Ransomware as a political weapon is on the rise, said Alex Klimburg, Head of the Centre for Cybersecurity, World Economic Forum, in a recent podcast on Radio Davos.
Klimburg, who also uses the term “ransom war” to refer to political ransomware attacks, notes that such attacks have been part of the global landscape for a while now. “Ransom war attacks were first tested in Ukraine, and a lot of the activity that we see right now internationally is sometimes considered to be ransomware and is really done by actual cyber criminals who are really only interested in money. But sometimes it might be politically minded actors that are more trying to cause disruption.”
Jim Guinn, Senior Managing Director, Security, Strategy and Consulting Lead at Accenture, agrees that cybersecurity attacks can stem from various sources. “I think you are going to have the very less than sophisticated gangs that try to make a quick buck by leveraging harvesting credentials and get in, and you're going to have very sophisticated nation-state actors who want to cause disruption in the globe.”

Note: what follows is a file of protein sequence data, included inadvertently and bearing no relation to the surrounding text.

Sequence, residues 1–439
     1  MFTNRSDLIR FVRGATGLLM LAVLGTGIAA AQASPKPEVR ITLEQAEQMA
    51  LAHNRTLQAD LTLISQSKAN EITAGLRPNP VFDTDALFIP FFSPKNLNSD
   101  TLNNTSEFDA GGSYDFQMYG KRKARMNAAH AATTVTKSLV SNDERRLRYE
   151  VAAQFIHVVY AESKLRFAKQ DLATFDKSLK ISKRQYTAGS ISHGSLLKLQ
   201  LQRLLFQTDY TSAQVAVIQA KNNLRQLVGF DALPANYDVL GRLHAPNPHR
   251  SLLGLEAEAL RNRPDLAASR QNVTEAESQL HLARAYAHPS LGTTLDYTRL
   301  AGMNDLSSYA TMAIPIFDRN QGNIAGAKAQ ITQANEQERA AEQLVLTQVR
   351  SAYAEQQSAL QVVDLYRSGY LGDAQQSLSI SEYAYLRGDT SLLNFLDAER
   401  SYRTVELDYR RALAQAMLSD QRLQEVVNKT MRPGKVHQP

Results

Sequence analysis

The cyber weapon of choice these days is ransomware. — Alex Klimburg
An emphasis on fundamentals, such as multi-factor authentication across the board, can help prevent less sophisticated attacks, says Guinn, but attacks originating at the nation-state level are nearly impossible to stop. “If any nation-state, as well-funded as they are, that has really strong cyber capabilities, if they wanted to do harm through a nation-state actor or an affiliate, you cannot stop them. It is simply a matter of time.”
“The cyber weapon of choice these days is ransomware,” Klimburg says, “and very often it is political and therefore really ransom war. Although the lines are intentionally blurred between political actors and cyber criminals.”
Listen to the complete podcast or read the transcript of this in-depth discussion at the World Economic Forum.